07:35 am October 6, 2021

The work is not Done, there are quality issues. Yet the team rocks on regardless and without empirical feedback: each Sprint is fake. Go to the Developers and shine a light on their accountabilities.

 

I agree that it's not Done.

 

I know that it's not Agile and it's not Scrum!

Developers in the scrumteams are doing a great job, testing as much as they can with the help of the testers. However when the integrated code gets exercised properly it seems to run into issues. We do need to pull this integration testing into the sprint.

 


12:33 pm October 6, 2021

The cadence described (4 Sprints between releases, 3-week releases) doesn't make much sense. Do you mean 3-week Sprints with 4 Sprints between releases (so a release is every 12 weeks)? Or that you have 4 Sprints, hand something off to a downstream team, they work on it for 3 weeks while the teams go on to other things? However, this doesn't really change anything else that I have to say.

You say that testing happens as part of the development and that the Scrum Teams are going a great job testing. This doesn't align with finding issues in the integrated code. What is being tested if it's not integrated code? Perhaps it makes sense to test the changes associated with a Product Backlog Item independently to confirm that it is correct, but as soon as that is done, that set of changes should be integrated into the rest of the product and then the necessary testing can be done to make sure that the system is properly integrated. That is, do at least some level of integration testing after completing each Product Backlog Item. Since you're in the software space, use test automation to shift some of the load of this repetitive testing away from people so they can focus on things like exploratory testing or usability testing that is difficult to automate. If you can write automated tests as part of each Product Backlog Item, you can integrate those tests to grow and maintain the test suite with every change.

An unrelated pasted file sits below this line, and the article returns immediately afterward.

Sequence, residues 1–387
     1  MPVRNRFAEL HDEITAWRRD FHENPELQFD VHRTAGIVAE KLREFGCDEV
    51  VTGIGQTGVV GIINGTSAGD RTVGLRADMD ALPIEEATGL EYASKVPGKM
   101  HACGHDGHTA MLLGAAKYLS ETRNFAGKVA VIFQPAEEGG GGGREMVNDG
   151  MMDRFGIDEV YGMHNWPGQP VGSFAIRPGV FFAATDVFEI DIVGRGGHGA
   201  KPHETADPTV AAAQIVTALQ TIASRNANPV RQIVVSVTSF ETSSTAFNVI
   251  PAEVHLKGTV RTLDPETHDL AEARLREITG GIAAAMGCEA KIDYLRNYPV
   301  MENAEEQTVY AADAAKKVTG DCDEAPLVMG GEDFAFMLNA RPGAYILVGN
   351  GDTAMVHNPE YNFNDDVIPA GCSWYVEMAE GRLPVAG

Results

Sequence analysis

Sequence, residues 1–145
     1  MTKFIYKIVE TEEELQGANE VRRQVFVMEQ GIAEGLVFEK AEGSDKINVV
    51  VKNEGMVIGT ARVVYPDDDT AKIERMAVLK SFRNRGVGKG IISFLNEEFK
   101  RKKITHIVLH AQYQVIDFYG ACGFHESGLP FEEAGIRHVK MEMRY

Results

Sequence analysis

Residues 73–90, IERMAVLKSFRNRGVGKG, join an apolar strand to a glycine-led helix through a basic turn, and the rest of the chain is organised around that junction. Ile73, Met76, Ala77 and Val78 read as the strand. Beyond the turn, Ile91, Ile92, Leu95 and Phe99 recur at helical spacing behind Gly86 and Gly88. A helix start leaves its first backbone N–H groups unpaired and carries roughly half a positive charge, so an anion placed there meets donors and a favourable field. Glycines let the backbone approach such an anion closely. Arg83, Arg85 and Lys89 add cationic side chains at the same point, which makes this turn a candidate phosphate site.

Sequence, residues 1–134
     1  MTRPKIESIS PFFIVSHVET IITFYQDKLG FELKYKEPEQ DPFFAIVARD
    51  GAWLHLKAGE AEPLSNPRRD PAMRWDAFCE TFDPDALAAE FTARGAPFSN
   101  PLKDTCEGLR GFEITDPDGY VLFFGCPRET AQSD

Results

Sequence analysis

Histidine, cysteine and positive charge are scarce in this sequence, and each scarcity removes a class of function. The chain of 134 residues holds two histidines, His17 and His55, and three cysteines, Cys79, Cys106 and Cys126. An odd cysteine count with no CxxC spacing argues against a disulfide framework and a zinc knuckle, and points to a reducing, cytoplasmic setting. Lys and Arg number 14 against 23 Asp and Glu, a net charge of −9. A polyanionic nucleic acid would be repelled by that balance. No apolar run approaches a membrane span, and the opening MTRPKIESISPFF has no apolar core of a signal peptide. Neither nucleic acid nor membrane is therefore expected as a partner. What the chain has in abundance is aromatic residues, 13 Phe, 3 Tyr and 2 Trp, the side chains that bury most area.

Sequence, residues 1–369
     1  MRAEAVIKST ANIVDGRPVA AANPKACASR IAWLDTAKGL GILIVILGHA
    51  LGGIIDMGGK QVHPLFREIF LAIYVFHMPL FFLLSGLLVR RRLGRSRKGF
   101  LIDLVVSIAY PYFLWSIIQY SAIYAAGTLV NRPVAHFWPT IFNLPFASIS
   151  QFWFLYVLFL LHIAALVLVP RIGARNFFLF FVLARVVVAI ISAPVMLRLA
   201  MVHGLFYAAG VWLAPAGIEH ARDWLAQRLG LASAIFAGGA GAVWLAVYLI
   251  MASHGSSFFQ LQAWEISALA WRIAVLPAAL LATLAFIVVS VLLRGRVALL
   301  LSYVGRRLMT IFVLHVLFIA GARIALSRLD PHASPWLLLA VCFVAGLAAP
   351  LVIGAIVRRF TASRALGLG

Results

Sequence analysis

When you find issues outside of the Scrum Team that are critical enough to have to work on immediately, take the time to do an RCA on them. You don't need to necessarily use a lot of formal tools, and five whys or three-legged five whys would be plenty, with the involvement of the right people. Figure out what the team missed that caused the downstream problems and make sure the team changes how they work. There are underlying reasons why a scenario is found to be essential even though the team didn't realize it in planning or development. There are also reasons why integration is leading to defects. Get to the root cause and fix it.


02:13 pm October 6, 2021

Thanks Tomas.

4 x 3 week sprints.

Yes there does seem to be a difference in what is being testing during a sprint than what is being tested after a release. I am unsure what the difference is.

RCA, yes, I've done this before and have just met with teams to discuss starting this initiative again, good article here and the use of categories.
https://medium.com/propertyfinder-engineering/root-cause-analysis-as-a-…


03:29 pm October 6, 2021

You may want to see if the problems being found downstream are actual code defects or if they are caused by a different environment makeup.  It is not uncommon that a Development or Test environment will not be configured like the Production environments.  In my QA days I always made sure we had a test environment that was configured the same as Production but on a smaller scale.  

Root Cause Analysis is a great way to start diagnosing how and why you have this situation.  And don't be surprised if you find a problem, address it, only to find that another problem has been uncovered.